Hartsock affirms Connery’s theory about the need to understand a rapidly changing world. Of the second phase of literary journalism, Hartsock writes, “The advent of the Great Depression prompted a reevaluation of journalistic practice…The observation is important because what emerges is that in times of social transformation and crisis an objectified rhetoric proves even more inadequate.”[ii]
Indeed, Hartsock shifts the emphasis a bit from Connery’s understanding. For Hartsock, it is not necessarily the desire to understand change, but rather the inadequacy of what he calls “objectified rhetoric” to make sense of the change that prompts a proliferation of literary journalism. Nevertheless, both Connery and Hartsock hitch the historical periods of literary journalism to times of rapid change or social transformation and crisis.
History bears this out. The first period of literary journalism in the United States roughly begins in the years leading up to the Civil War and gains momentum through the end of the nineteenth century. A lull follows until, as Hartsock notes, the advent of Great Depression in the 1930s, and for the next two decades literary journalism flourishes.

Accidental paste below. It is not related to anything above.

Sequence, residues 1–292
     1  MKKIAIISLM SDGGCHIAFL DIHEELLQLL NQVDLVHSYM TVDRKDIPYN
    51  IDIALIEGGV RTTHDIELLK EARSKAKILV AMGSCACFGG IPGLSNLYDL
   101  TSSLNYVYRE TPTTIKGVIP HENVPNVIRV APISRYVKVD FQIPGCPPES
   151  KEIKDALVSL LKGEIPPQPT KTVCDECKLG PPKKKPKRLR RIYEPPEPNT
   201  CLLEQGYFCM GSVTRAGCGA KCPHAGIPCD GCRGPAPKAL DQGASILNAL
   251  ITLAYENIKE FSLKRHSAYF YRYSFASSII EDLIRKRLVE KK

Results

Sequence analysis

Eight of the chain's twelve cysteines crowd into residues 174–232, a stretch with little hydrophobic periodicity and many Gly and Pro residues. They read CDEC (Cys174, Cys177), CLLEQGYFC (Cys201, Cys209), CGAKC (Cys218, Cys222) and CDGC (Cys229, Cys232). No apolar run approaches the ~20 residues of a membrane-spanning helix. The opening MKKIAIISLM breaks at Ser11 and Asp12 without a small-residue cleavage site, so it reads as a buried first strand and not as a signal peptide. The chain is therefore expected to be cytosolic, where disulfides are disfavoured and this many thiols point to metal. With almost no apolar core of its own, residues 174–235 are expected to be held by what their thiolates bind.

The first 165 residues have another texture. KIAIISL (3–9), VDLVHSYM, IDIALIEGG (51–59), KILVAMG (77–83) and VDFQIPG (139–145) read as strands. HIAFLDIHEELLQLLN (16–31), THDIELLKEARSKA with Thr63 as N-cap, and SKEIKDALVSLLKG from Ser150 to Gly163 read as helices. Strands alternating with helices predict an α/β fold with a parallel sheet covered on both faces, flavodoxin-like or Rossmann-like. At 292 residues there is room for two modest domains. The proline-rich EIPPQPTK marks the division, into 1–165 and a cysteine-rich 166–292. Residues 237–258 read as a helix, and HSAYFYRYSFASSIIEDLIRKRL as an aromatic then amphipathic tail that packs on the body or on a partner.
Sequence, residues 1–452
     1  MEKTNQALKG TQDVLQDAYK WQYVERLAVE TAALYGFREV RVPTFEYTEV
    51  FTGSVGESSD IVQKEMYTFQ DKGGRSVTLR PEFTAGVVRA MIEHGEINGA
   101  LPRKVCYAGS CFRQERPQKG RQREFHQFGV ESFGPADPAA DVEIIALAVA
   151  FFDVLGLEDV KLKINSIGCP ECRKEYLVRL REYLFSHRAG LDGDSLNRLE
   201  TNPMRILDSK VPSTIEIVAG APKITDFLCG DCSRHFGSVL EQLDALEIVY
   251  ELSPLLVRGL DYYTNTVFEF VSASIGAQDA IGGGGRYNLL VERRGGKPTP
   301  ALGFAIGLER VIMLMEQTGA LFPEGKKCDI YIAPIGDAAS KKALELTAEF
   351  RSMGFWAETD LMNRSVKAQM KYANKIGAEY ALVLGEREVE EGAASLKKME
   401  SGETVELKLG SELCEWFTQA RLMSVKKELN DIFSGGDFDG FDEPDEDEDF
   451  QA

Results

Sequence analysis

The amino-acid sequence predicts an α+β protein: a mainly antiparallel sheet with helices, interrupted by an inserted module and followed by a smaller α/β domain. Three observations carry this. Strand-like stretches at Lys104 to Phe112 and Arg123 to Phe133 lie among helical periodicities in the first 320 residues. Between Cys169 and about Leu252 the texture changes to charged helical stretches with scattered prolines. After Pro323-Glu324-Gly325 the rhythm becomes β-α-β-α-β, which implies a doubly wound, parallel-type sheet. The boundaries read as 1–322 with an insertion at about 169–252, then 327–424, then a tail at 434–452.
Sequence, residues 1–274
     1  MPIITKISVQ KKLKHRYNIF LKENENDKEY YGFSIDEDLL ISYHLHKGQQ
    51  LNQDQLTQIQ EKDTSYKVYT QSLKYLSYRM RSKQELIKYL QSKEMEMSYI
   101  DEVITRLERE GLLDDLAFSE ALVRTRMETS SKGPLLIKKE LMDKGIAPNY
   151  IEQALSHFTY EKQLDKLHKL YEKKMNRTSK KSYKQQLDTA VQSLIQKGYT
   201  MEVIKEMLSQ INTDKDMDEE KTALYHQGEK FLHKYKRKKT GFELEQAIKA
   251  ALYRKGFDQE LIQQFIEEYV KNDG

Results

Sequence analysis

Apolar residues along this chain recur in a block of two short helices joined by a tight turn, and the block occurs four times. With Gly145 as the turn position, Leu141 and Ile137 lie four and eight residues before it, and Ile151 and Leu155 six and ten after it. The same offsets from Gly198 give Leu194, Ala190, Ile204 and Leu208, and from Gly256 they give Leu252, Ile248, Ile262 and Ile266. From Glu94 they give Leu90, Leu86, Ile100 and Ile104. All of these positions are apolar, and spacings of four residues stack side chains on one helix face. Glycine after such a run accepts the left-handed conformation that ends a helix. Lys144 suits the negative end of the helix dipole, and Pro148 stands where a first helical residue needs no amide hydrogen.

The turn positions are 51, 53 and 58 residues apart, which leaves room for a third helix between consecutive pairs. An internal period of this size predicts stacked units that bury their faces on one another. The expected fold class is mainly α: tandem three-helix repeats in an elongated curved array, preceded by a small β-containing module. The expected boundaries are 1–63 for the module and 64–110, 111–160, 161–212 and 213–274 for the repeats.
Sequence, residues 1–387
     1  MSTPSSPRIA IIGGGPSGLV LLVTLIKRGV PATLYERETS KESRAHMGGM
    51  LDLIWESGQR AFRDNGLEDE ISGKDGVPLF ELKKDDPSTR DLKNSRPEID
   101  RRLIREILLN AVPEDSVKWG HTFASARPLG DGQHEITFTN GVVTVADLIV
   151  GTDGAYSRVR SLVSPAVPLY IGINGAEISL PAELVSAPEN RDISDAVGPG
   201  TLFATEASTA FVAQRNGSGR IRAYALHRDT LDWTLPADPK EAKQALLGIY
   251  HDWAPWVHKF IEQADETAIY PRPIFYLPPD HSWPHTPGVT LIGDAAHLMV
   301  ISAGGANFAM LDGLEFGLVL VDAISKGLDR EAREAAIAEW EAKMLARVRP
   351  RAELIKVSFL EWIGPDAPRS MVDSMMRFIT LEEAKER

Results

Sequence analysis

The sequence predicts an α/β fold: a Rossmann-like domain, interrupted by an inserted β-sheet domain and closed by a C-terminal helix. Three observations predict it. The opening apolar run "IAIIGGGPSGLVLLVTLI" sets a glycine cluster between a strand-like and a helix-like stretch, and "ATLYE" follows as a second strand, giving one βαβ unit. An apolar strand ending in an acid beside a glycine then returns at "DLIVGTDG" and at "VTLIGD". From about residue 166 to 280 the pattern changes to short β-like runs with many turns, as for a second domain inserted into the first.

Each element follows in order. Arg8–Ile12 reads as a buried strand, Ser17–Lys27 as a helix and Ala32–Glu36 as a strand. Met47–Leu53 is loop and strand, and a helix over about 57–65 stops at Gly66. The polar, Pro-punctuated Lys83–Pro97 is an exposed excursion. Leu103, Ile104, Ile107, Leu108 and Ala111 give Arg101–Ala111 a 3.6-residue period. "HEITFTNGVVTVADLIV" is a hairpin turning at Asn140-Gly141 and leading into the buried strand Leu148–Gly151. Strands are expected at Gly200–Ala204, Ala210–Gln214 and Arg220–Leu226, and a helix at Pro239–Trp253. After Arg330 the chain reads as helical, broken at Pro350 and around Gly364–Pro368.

The next period, the so-called New Journalism, emerges in the midst of the tumult of the 1960s and 70s when a combination of the Civil Rights Movement, the Vietnam War, and counter-cultural movements led to the most celebrated period in the history of literary journalism.
We can add to these periods our current literary journalism moment and though it is difficult to identify a catalyst while we’re in it, we could posit perhaps a number of instigating factors such as the terror attacks of September 11, 2001, the subsequent years of ongoing war, the technology boom and bust, the financial downturn, and the surge of nationalism and xenophobia that led to the election of Donald Trump.
So, there is no question that the four periods of literary journalism, spanning nearly two centuries, are tied to “times of social transformation and crisis” but of course these times are not the only explanations available for the distinct periods.